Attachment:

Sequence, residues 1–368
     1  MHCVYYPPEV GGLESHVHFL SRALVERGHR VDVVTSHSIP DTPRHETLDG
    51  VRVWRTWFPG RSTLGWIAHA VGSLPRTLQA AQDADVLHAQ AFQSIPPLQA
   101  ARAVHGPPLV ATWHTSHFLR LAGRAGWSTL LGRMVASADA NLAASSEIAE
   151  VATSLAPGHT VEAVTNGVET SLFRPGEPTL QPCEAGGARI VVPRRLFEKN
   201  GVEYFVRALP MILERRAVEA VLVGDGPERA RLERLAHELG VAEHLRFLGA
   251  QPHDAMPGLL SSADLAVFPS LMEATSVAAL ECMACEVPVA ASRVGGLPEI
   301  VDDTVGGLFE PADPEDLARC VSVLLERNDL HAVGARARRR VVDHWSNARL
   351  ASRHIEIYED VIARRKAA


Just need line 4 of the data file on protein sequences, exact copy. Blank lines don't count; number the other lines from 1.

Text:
   101  ARAVHGPPLV ATWHTSHFLR LAGRAGWSTL LGRMVASADA NLAASSEIAE